I am so used to writing about science that writing in my own voice and my own experience does not sound right. My name is Dr Mario Toubes-Rodrigo, and I am the Global Applications Leader at H.E.L. The name might be familiar to you if you have been keeping up with our video series H.E.L Explains. However, being an active science communicator and holding this position is only one tiny part of my identity. We, human beings, are incredibly multifaceted, and each one of those parts, when combined, produces the complex puzzle that we are. Another aspect of what makes me who I am is that I am a very proud gay man, and throughout my life, I have encountered countless pushbacks against that part of me. One of the most critical examples was the lack of role models in my field when I was growing up. There was no one like me that I could relate to, making me feel like “I didn’t fit”.

When you are in this position, you can choose one of two options: you either hide in a corner and try to keep that part of you silent, or you become the kind of person you would have liked to meet when growing up to inspire you. So, when presented with those two options, I decided to opt for the second one.

During my years as an academic, first at Manchester Metropolitan University and then the Open University, I attended several LGBTQ+ science events, such as the LGBTQ+ STEMinar and the Out Thinkers event. These events allowed me to meet other queer scientists, real trailblazers who inspired and empowered me. I am lucky enough that after the years, I can count some of them as friends who have helped me push myself forward and step out of my comfort zone. One of these people is Dr James Lea at the University of Liverpool. He was approached by Out in STEM (oSTEM) for a Q&A panel for students at the University of Birmingham, and due to previously agreed commitments, he could not make it. However, he kindly put my name forward. When I received the formal invitation, I was beyond delighted. Somehow, I had assumed that once I had left academia, my days of inspiring students were over.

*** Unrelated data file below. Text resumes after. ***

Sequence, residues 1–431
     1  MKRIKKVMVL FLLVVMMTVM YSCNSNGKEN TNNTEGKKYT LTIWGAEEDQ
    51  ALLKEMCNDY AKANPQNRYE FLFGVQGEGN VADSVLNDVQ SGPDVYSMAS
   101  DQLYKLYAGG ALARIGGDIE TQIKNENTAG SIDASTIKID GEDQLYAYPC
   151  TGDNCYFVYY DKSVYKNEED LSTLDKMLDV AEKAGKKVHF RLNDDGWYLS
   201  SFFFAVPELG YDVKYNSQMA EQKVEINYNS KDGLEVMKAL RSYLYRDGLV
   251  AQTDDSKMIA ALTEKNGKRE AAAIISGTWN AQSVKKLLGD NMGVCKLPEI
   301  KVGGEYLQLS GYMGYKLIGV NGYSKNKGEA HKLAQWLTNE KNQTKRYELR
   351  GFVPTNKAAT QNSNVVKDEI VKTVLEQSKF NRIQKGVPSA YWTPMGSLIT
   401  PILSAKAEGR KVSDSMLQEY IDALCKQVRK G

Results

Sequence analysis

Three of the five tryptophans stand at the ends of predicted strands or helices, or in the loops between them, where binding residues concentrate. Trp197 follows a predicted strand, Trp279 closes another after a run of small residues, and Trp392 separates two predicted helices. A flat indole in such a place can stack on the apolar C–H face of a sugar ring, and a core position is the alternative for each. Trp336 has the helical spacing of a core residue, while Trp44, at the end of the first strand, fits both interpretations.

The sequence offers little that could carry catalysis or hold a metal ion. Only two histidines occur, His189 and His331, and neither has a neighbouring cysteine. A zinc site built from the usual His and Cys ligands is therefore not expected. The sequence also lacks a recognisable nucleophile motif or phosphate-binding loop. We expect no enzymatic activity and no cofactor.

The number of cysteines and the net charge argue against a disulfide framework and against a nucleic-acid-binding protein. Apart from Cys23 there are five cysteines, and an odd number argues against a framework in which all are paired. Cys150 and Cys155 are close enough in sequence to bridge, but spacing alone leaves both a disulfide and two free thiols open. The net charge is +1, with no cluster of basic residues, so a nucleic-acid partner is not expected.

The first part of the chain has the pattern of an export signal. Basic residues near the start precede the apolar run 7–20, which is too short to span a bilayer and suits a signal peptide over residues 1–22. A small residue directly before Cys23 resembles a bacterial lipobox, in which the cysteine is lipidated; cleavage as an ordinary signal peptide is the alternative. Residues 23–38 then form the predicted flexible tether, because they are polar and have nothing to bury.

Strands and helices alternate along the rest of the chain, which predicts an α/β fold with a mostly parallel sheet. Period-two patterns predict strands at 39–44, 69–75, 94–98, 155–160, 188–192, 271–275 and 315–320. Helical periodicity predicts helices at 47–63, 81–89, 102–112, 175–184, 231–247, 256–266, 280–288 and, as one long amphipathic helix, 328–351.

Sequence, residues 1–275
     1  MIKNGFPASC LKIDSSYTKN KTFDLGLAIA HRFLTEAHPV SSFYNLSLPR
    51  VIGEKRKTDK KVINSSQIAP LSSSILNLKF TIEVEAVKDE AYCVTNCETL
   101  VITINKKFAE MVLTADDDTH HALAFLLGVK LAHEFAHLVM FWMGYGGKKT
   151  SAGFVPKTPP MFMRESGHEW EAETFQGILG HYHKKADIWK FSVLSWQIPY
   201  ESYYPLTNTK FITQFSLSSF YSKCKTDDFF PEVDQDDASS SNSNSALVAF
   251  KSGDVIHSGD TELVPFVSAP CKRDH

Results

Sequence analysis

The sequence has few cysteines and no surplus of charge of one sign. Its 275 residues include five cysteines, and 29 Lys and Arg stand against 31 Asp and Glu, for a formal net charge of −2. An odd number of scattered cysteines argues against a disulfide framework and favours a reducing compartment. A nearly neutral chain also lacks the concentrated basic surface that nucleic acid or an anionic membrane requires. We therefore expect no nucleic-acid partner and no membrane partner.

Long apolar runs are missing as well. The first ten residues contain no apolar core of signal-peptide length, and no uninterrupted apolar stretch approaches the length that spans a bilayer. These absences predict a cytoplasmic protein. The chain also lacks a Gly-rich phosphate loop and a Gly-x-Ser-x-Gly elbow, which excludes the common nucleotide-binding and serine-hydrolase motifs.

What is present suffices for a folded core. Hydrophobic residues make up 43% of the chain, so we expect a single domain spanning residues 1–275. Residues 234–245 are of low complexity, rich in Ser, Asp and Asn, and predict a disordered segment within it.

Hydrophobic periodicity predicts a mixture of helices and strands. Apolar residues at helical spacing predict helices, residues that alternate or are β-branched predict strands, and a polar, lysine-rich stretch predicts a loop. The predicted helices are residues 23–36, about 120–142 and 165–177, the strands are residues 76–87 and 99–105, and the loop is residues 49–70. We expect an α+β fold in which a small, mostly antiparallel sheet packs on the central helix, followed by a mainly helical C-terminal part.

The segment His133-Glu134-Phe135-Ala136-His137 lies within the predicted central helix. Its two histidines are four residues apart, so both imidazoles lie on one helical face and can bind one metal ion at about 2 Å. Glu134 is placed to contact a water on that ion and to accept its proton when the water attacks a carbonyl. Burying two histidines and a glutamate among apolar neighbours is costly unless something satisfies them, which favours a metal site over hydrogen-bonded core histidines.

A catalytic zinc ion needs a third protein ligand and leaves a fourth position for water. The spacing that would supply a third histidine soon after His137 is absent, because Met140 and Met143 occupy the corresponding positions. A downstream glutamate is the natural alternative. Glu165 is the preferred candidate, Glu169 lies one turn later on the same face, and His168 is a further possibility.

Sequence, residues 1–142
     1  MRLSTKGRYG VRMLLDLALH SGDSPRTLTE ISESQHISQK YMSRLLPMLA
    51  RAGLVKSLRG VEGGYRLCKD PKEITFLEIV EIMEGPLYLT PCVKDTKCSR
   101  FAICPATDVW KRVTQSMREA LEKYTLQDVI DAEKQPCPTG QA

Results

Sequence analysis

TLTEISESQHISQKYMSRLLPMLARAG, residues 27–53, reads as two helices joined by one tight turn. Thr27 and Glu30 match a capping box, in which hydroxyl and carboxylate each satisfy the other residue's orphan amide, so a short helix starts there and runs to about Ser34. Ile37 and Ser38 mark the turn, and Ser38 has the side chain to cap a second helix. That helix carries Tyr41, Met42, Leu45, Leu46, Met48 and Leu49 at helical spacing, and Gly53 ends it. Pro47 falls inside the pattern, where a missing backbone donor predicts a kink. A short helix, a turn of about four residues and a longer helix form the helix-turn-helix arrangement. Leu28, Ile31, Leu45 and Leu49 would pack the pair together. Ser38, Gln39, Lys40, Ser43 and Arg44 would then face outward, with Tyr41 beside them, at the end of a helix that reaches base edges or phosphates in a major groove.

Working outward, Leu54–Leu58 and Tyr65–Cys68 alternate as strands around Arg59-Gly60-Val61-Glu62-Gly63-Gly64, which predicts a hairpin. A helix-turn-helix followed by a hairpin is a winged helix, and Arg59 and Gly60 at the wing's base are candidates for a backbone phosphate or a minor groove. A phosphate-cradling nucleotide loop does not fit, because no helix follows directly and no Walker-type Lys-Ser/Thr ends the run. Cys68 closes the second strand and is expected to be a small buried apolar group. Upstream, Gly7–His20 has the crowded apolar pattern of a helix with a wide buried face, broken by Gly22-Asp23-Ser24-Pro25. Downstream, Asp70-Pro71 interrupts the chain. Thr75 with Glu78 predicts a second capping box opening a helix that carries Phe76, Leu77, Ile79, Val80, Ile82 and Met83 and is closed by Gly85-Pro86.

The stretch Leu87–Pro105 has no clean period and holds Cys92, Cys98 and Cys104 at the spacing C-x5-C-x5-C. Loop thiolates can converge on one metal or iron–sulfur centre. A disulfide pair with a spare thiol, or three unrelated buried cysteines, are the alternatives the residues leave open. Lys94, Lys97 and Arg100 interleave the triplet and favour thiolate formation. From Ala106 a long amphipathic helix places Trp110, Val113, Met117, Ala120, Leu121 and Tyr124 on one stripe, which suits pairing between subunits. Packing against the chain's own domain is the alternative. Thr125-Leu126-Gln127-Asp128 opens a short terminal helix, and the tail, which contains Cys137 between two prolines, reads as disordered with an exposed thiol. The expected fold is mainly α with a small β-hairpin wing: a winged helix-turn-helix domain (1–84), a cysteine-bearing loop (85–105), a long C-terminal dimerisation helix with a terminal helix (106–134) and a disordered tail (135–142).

On the day, the 22nd of November 2023, I spent the morning preparing the new content to bring to this blog, and after lunch, I grabbed my Springboard t-shirt (the diversity board here at H.E.L) and jumped into my train from Euston, arriving into Birmingham University one hour before the event. Nate (treasurer) and Hannah picked me and the other three speakers and took us to the building where the panel was taking place. Shortly afterwards, the room started to progressively start to fill up with excited faces.

The first half of the event included a networking event, in which not only I got to have an informal chat with attendees, but I also met the rest of the speakers: Luciano Rila (Senior Teaching Fellow at UCL), Emma Water (Senior Researcher at Quadram Institute), and Fiona Connor (Senior Geotechnical Engineer at Gavin and Doherty Geosolutions). After 40 minutes or so of introductions and conversation exchange, we got called to the head table in the room, where an oSTEM flag had been displayed.

The chair of the panel asked us to introduce ourselves, and immediately afterward, we found ourselves immersed in a sea of questions. There are certain panels in which most of the queries come from the chair and/or organizing committee. But this was not one of those. A barrage of absolutely brilliant questions came our way from the audience. Some of the inquiries we received really resonated with me. Of course, they did. Those would have been the questions that I would have loved to ask when I was younger, and I did not have anyone to ask. Things such as “What would you do to find out if a department or university is safe for queer folk like me?” or “What kind of atmosphere is there in your workplace for LGBTQ+ people?”. But also, some questions did not shy away from more personal matters, such as “Why are you such an open person about your sexuality?”.

The stream of queries lasted one hour, and during that time, each one of the speakers answered from their personal experience and perspective. One thing was clear: these four people were in different places and came from different walks of life but shared some common experiences.

The aftermath of the panel involved some snacks and soft drinks, and the conversation became more informal. That did not stop the waves of questions coming our way and opened very interesting debates. But also, it showed how much things are improving and some abysmal differences between how the university environment was when we, the panelists, were undergraduate students, and currently.

As I reflect on this enriching experience, it is evident that the progress made in promoting LGBTQ+ inclusivity is a promise for a better tomorrow. Having the opportunity to share my own experiences and insights can help to break down barriers, inspire positive change, and provide some of the support that young LGBTQ+ individuals in science desperately need. Embracing our multifaceted identities not only enriches our lives but also paves the way for a more diverse, inclusive, and innovative scientific community for generations to come.